I am not going to sugarcoat this: approximately 750 children will drown this year, and of those 750, about half of them will do so within 25 yards of a parent or guardian.
Children still run the risk of drowning, even if they are strong swimmers and the highest standards of safety are maintained at the pool, lake, or local beach. Children get cramps, get caught in rip currents, suffer exhaustion, or just panic, and a few hundred times a year, someone misses the telltale signs and the results are tragic.
Knowing what drowning looks like can, and will, make all the difference when a child (or adult even) is in jeopardy. First off, it doesn’t look anything like it does on TV or in the movies. No one is bobbing above the water waving frantically and calling out for help. Drowning is most often a quiet and subtle thing, with the victim going into an instinctive mode (called the Instinctive Drowning Response) that puts them bobbing up and down just at the surface of the water.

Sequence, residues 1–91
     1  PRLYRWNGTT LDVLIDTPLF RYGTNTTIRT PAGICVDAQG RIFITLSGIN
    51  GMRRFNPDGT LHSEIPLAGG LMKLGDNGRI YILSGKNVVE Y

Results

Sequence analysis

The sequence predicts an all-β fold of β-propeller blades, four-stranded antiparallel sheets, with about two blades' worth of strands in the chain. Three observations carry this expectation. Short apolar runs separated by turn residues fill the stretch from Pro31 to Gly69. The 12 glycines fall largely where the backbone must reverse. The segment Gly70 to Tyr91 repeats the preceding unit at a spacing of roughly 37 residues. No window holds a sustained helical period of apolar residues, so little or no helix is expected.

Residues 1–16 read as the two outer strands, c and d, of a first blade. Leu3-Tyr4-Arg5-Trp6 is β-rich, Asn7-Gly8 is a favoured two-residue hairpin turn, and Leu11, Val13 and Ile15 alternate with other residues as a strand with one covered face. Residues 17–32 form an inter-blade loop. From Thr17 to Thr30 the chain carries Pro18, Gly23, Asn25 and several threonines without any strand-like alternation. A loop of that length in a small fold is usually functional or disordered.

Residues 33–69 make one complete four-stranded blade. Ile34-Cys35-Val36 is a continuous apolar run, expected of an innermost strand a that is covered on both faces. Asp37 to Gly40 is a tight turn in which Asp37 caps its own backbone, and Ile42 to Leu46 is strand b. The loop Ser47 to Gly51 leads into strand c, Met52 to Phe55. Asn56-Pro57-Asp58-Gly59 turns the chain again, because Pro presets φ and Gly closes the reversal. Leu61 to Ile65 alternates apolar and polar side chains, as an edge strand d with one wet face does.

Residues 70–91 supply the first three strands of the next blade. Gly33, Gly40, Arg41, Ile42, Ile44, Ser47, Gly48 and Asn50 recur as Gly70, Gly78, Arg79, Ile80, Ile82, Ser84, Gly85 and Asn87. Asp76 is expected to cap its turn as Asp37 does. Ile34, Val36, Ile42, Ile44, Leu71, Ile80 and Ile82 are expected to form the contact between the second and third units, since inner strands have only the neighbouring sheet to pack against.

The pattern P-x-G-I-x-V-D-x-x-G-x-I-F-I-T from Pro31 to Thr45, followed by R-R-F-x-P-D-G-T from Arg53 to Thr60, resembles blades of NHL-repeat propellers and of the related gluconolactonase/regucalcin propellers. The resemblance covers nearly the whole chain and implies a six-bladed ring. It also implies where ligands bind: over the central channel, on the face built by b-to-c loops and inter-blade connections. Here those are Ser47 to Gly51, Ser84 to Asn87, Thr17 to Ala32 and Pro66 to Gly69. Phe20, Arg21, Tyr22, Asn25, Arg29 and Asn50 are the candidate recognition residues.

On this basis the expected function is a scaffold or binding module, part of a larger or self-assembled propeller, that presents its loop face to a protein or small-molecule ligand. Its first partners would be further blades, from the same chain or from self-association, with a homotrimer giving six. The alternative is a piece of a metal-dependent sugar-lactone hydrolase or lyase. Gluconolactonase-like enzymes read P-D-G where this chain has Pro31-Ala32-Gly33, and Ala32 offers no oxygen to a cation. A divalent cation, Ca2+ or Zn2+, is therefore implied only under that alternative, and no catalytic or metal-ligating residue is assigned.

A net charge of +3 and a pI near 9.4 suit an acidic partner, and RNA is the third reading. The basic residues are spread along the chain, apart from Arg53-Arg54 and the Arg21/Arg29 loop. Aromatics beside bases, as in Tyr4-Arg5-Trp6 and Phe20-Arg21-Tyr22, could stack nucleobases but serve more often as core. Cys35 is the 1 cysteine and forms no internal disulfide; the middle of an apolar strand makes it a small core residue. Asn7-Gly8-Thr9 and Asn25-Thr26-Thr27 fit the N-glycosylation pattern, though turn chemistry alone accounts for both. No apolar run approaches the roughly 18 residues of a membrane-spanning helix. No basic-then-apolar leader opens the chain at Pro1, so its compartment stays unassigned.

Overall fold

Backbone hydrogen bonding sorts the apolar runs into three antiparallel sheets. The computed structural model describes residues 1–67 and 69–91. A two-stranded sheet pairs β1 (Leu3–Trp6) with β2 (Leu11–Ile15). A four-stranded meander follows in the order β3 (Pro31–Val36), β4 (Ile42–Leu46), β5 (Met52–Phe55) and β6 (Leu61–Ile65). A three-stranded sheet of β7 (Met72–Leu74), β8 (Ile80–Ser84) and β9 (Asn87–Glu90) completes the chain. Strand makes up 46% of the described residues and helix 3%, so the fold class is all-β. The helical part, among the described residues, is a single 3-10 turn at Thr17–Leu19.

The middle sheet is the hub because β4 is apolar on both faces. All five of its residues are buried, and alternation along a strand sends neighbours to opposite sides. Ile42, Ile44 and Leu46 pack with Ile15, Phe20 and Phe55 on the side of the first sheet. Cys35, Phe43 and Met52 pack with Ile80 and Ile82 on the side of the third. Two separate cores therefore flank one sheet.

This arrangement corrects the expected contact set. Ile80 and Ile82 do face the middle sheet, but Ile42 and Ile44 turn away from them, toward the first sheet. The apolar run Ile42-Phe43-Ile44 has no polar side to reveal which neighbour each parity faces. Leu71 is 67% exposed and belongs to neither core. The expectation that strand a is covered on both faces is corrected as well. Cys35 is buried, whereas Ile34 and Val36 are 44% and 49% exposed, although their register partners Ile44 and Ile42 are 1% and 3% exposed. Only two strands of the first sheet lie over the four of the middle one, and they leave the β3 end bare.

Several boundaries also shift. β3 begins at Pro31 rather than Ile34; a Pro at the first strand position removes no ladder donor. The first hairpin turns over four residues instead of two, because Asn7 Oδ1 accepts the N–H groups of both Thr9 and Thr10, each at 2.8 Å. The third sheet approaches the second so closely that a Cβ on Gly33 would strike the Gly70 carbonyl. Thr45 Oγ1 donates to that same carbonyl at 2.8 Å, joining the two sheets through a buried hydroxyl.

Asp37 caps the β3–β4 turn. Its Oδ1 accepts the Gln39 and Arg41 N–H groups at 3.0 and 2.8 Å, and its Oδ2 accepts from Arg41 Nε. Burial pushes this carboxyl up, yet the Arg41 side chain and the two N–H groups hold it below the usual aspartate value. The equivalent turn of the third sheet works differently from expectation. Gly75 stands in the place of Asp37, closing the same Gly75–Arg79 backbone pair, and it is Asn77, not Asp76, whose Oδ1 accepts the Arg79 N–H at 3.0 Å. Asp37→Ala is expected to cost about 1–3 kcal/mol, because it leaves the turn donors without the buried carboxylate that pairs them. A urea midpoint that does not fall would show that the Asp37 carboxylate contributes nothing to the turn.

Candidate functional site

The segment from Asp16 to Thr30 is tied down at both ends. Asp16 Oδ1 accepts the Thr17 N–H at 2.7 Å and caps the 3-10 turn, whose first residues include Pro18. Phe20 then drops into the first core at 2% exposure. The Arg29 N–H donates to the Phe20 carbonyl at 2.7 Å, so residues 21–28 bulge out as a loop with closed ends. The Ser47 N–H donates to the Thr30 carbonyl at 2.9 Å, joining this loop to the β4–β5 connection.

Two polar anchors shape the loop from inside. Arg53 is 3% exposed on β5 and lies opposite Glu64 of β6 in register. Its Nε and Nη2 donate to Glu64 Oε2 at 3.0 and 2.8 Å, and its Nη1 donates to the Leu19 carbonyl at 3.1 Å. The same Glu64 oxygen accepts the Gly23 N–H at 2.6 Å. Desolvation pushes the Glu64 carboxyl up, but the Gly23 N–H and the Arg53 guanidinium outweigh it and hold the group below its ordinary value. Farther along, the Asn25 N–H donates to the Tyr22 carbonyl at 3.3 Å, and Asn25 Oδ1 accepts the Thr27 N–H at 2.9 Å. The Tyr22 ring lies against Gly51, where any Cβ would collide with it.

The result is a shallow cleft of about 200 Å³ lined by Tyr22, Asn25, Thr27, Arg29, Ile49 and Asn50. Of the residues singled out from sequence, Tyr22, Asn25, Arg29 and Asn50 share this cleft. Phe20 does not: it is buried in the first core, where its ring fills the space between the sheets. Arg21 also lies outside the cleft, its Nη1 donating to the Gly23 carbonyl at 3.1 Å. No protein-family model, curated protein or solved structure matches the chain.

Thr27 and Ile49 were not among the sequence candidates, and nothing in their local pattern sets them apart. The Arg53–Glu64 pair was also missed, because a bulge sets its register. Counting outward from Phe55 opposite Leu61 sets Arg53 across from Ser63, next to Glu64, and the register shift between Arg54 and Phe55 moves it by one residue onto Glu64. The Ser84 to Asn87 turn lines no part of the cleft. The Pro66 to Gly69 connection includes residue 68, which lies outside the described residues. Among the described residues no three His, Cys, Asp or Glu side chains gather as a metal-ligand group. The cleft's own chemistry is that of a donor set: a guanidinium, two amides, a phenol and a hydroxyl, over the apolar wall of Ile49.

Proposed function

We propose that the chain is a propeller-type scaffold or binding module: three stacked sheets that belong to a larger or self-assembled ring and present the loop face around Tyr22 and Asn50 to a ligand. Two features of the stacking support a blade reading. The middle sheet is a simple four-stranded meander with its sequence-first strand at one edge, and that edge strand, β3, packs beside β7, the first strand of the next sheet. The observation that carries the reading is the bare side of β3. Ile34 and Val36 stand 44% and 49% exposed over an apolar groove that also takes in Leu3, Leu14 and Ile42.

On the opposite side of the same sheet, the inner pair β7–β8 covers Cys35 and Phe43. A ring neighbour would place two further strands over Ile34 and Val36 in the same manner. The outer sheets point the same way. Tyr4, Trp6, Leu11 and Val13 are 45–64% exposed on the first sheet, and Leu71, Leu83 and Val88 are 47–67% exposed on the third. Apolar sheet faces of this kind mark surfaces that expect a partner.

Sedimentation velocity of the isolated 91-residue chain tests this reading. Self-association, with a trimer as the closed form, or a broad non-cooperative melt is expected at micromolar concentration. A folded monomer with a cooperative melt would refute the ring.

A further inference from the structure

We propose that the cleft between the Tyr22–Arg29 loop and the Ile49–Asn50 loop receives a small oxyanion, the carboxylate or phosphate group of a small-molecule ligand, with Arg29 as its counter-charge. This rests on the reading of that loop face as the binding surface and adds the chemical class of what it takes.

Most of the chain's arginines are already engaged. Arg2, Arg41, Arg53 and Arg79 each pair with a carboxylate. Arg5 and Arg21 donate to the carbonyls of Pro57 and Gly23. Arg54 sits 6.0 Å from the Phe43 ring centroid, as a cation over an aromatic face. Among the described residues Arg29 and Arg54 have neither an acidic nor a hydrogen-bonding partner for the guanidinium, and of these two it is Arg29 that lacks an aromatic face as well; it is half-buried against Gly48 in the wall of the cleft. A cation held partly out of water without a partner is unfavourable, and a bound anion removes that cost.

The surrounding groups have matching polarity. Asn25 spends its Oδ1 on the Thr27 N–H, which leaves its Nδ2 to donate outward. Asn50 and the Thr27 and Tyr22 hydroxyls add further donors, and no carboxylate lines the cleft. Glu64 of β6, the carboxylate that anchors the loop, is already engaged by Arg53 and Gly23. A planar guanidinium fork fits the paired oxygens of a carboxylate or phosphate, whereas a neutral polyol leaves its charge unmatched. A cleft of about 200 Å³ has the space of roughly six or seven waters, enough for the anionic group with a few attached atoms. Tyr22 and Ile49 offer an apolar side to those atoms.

Here is what to look for, as described by Francesco A. Pia, Ph.D., to identify someone struggling not to drown:
• Head low in the water, mouth at water level
• Head tilted back with mouth open
• Eyes glassy and empty, unable to focus
• Eyes closed
• Hair over forehead or eyes
• Not using legs—vertical
• Hyperventilating or gasping
• Trying to swim in a particular direction but not making headway
• Trying to roll over on the back
• Appear to be climbing an invisible ladder
As it is said in the Slate.com article that first caught my attention on the subject, sometimes the most common indication that someone is drowning is that they don’t look like they’re drowning. (Click on the next page to view a video of what happens in an actual drowning.) The best thing to do is simple; ask them if they are OK. If you get no response, it is best to act, or find someone immediately to effectively address the situation and save the person in danger.
Please be safe, aware, and always helpful when you are able. Such tragedies can be averted.